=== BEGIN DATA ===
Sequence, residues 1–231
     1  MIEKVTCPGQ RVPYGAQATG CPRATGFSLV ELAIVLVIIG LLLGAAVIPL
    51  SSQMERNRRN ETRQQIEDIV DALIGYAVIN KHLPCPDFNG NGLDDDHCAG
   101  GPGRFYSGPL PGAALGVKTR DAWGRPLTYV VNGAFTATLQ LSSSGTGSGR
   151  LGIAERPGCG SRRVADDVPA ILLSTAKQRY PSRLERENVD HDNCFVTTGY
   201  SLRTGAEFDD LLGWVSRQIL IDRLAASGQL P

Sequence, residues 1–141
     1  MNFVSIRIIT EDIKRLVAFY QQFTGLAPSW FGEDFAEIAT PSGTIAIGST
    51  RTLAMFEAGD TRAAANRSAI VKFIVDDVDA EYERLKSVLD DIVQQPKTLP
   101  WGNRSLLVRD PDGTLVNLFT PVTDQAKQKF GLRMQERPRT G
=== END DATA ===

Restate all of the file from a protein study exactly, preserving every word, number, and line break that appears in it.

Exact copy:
Sequence, residues 1–231
     1  MIEKVTCPGQ RVPYGAQATG CPRATGFSLV ELAIVLVIIG LLLGAAVIPL
    51  SSQMERNRRN ETRQQIEDIV DALIGYAVIN KHLPCPDFNG NGLDDDHCAG
   101  GPGRFYSGPL PGAALGVKTR DAWGRPLTYV VNGAFTATLQ LSSSGTGSGR
   151  LGIAERPGCG SRRVADDVPA ILLSTAKQRY PSRLERENVD HDNCFVTTGY
   201  SLRTGAEFDD LLGWVSRQIL IDRLAASGQL P

Sequence, residues 1–141
     1  MNFVSIRIIT EDIKRLVAFY QQFTGLAPSW FGEDFAEIAT PSGTIAIGST
    51  RTLAMFEAGD TRAAANRSAI VKFIVDDVDA EYERLKSVLD DIVQQPKTLP
   101  WGNRSLLVRD PDGTLVNLFT PVTDQAKQKF GLRMQERPRT G